Preschoolers Benefit from the Arts

wolftrap.jpg

A man with rasied arms and sporting a big smile dances in the middle of a circle of children.

Musician Kenneth Jackson uses the blues to help teach young children academic concepts such as the alphabet and numbers, as well as life skills including how to behave and how to practice good hygiene. The program was developed by the Wolf Trap Institute for Early Learning Through the Arts, with NEA support.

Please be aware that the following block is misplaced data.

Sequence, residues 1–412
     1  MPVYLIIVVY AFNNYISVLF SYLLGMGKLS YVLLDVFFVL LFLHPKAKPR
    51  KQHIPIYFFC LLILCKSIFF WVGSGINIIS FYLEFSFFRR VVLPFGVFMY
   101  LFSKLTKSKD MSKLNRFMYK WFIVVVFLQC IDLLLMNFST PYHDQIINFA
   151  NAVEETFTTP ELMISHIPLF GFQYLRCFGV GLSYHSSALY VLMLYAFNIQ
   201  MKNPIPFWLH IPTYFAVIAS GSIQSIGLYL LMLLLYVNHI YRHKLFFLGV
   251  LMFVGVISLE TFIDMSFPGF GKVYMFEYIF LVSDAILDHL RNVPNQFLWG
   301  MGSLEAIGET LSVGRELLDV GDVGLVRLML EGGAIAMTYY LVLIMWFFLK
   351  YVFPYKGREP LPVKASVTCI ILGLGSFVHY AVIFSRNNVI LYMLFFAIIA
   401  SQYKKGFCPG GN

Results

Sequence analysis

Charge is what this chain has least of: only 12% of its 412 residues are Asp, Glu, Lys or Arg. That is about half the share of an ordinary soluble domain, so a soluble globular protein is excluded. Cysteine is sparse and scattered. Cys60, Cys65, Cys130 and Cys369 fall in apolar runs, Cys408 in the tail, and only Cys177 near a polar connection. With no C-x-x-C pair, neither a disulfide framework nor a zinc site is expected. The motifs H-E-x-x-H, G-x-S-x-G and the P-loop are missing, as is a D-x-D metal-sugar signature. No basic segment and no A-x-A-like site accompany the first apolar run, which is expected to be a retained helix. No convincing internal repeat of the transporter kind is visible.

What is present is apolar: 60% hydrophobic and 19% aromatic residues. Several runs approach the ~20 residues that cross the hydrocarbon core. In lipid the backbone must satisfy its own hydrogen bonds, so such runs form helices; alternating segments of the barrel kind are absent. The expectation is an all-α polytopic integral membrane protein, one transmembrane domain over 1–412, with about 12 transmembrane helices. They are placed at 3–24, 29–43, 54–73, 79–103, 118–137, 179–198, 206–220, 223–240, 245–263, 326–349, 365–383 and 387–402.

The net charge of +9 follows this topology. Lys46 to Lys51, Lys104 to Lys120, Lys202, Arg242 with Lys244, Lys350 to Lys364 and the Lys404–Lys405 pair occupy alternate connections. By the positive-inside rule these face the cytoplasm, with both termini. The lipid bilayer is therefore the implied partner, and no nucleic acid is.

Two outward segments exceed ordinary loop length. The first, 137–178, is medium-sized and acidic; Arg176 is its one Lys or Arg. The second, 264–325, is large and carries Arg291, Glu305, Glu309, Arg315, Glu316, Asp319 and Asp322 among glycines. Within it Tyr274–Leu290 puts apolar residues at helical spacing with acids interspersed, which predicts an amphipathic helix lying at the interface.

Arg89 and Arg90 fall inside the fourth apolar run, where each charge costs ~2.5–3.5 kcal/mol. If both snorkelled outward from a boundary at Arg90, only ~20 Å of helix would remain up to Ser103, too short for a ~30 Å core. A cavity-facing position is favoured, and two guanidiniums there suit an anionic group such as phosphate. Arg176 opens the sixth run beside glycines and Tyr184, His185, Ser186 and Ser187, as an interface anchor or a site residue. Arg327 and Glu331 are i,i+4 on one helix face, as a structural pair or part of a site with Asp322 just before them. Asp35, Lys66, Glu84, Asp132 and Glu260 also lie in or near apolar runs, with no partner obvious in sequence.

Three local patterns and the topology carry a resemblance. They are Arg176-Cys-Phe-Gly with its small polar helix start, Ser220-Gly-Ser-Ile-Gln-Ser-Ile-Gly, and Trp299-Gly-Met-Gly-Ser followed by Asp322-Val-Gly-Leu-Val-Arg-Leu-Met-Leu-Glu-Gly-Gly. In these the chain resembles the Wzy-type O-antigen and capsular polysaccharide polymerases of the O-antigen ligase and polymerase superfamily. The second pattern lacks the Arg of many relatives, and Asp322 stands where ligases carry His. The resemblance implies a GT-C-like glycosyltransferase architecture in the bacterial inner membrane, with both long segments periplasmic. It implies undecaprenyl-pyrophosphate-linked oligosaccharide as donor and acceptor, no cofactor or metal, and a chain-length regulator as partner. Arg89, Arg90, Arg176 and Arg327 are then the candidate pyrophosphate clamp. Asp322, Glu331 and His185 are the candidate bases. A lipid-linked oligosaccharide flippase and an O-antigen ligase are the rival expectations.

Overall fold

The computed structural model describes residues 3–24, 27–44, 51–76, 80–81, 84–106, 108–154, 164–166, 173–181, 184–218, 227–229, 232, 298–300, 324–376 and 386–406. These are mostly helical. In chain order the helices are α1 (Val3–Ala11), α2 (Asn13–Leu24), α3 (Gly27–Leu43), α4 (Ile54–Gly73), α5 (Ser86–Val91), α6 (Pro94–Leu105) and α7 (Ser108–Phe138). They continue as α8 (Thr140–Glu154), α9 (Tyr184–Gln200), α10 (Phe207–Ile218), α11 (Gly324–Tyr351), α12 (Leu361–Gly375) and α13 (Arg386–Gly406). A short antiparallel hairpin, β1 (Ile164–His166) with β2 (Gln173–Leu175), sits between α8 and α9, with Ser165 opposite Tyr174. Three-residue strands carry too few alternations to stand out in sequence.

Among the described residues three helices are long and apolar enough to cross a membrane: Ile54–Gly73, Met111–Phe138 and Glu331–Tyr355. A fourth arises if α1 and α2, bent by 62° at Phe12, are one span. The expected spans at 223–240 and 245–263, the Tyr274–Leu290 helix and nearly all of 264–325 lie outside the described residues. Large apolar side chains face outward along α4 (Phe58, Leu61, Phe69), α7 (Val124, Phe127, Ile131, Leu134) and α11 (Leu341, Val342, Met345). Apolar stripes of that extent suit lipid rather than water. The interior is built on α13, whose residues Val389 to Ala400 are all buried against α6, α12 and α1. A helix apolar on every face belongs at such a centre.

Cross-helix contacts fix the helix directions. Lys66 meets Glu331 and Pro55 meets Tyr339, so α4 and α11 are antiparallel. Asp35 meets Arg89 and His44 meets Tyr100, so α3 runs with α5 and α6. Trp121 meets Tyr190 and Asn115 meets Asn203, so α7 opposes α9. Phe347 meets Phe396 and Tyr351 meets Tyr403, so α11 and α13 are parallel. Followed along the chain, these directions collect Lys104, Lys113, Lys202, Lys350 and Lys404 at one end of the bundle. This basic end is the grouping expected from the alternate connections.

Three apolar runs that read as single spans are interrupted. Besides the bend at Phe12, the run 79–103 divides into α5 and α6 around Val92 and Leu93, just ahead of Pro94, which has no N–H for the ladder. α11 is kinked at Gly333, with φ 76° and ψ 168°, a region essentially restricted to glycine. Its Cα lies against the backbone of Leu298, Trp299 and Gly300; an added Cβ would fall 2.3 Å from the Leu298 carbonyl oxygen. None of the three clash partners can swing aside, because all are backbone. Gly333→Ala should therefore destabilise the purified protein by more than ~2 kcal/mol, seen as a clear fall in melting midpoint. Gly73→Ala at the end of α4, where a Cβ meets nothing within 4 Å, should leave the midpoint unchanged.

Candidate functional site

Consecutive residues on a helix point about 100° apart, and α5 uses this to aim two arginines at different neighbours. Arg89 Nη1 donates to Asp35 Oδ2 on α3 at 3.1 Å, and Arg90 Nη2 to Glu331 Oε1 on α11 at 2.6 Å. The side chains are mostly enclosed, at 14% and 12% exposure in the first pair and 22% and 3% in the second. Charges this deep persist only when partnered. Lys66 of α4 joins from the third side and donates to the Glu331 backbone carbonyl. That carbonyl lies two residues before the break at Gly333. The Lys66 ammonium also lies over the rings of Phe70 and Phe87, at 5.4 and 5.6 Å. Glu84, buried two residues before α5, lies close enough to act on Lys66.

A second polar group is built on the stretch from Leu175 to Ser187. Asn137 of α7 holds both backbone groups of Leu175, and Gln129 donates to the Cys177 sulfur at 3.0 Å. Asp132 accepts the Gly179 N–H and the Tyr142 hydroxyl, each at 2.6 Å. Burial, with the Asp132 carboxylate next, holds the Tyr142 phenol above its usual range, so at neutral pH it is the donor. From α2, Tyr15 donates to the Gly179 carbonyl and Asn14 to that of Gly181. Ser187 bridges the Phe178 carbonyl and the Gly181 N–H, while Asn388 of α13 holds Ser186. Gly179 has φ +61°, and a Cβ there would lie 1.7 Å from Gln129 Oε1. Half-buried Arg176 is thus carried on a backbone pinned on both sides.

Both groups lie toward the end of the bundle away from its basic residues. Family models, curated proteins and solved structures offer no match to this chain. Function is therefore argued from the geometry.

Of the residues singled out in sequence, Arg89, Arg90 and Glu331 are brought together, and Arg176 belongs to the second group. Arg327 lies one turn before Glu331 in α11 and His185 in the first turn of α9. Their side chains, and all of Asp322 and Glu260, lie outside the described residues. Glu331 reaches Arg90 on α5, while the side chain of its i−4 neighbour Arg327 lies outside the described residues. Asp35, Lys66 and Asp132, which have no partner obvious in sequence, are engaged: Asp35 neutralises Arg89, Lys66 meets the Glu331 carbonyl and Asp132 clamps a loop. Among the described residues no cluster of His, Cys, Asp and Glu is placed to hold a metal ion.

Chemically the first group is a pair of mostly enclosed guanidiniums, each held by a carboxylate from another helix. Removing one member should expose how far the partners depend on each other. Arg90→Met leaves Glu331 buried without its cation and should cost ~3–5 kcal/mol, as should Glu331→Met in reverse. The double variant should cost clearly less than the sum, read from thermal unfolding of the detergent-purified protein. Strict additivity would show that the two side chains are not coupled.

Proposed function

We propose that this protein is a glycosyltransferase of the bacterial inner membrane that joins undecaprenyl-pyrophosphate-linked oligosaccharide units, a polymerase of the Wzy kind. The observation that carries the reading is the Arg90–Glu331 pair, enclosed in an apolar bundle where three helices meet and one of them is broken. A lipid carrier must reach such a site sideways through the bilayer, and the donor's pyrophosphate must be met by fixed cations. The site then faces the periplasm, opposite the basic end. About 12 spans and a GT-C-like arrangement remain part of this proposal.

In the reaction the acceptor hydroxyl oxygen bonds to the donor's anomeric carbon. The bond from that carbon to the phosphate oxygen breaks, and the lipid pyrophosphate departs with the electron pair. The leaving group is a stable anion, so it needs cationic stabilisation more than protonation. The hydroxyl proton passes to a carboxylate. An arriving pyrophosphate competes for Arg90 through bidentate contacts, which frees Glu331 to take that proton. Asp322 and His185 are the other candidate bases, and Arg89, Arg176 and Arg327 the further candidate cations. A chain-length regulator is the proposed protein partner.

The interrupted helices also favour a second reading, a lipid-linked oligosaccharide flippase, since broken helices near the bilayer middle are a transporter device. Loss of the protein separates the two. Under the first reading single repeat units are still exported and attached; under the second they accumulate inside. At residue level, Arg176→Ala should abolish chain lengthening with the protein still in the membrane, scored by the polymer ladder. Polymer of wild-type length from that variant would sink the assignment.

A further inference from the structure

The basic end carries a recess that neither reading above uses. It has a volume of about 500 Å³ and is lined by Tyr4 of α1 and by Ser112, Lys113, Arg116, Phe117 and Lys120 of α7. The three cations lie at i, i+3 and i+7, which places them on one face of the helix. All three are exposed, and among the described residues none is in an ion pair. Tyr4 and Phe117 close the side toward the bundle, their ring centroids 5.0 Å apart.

1994In 1981, the Wolf Trap Foundation for the Performing Arts - a nonprofit organization that presents and produces performance and education programs for local, national, and international audiences - established the Institute for Early Learning Through the Arts. The Institute places professional performing artists in classroom residencies to work with children three to five years old through the disciplines of drama, music, and movement. It has received wide recognition for its achievements in early childhood education, including a Coming Up Taller Award in 1996. The Institute has been featured on CBS Sunday Morning, The Today Show, CNN World News, and BBC. The National Endowment for the Arts has supported Wolf Trap's Institute since 1994, when it provided seed money for a study on how preschoolers learn through the arts. Significant research had been done on the benefits of arts education for older children but not as much was known about its impact on preschoolers. Wolf Trap used the information it gathered to develop its early learning program. It brings specially trained professional actors, dancers, storytellers, and musicians into Head Start centers and pre-school classrooms to engage children, their teachers, and parents in performing arts learning activities. Wolf Trap's residency program is designed to help children improve their self-confidence, socialization skills, and ability to concentrate and remember information. Wolf Trap also offers workshops to provide teachers with strategies that allow them to weave these arts activities into their entire curriculum. "It's made the arts part of the early learning experience for tens of thousands of children in our 13 regional programs. We’ve also given teachers and parents a sense of how the arts can connect with their own lives and how they can approach the arts and learning," said Miriam Flaherty, Director of Education for the Wolf Trap Foundation for the Performing Arts. NEA support also helped Wolf Trap attract corporate funding, allowing it to expand the program across the country. "Whenever we get NEA funding it's like a slingshot. It helps us launch new programs and initiatives. Not only does it inspire our other funders to come on board, but the schools respond to the Endowment's support as well," observed Flaherty. "Also, the teachers are impressed. They recognize the NEA's support means they are taking part in a quality program."